Food. Football. Paper figures with big black hats and oversized belt buckles. This is the basic picture of Thanksgiving that my family passed on to me. There's nothing wrong with it; the first Thanksgiving included supper. Maybe the guests played a rousing game of toss-the-corncob. Surely someone wore a big black hat.
But if you are like me, that vision of the holiday seems devoid of deeper meaning. For a holiday that requires so much preparation, maybe you'd like something more at the end of the day — more than a sink full of dirty dishes, the commotion of football and commercials, or the hat that Uncle Bob unwittingly left behind.
If you want something more, you may just find it in our faith's Jewish roots. Marching farmers, homeless slaves, flatbread eaten in haste, beautiful fruits in baskets: these are just a few elements in a trilogy of biblical harvest festivals that function as a book of living Psalms. In wonderful Psalm-like fashion, everything is brought to the table through these festivals: suffering, triumph, sorrow, joy, struggle, comfort, ugliness, beauty, emptiness, plenty, separation, community, death, and life.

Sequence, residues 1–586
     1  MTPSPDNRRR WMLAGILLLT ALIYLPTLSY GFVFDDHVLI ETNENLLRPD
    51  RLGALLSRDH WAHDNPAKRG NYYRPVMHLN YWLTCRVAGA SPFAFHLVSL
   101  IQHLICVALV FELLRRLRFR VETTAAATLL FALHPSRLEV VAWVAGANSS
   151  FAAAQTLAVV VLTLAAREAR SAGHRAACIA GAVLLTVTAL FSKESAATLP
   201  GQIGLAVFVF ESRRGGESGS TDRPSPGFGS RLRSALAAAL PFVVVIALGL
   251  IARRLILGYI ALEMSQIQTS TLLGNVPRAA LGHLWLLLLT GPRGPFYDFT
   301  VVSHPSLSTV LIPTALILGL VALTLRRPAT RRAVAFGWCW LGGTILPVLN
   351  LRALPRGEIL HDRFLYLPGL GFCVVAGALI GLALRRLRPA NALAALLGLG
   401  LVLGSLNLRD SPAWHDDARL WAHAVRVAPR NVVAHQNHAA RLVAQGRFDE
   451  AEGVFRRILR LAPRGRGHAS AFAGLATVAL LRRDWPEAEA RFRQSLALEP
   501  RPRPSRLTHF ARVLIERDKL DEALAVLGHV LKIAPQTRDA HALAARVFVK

The trilogy begins with Passover, which is not a festival we ordinarily associate with harvest. But Passover coincides with the barley harvest. If you remember the story, Passover commemorates the night God struck down all the firstborn in Egypt, except in the households that had painted blood on the doorposts as a sign that they should be "passed over." The end of the story is life for those who listened, but overall the festival is fairly dark in its celebratory elements: flatbread, a slaughtered lamb, and additional items like bitter herbs and parsley dipped in salt water.
Seven weeks later in ...1